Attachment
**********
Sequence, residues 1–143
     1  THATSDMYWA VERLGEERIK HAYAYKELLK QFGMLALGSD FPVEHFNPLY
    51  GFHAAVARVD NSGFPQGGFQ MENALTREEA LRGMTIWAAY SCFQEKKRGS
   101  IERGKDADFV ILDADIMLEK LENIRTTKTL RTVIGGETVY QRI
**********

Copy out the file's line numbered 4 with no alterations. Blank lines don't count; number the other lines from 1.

   101  IERGKDADFV ILDADIMLEK LENIRTTKTL RTVIGGETVY QRI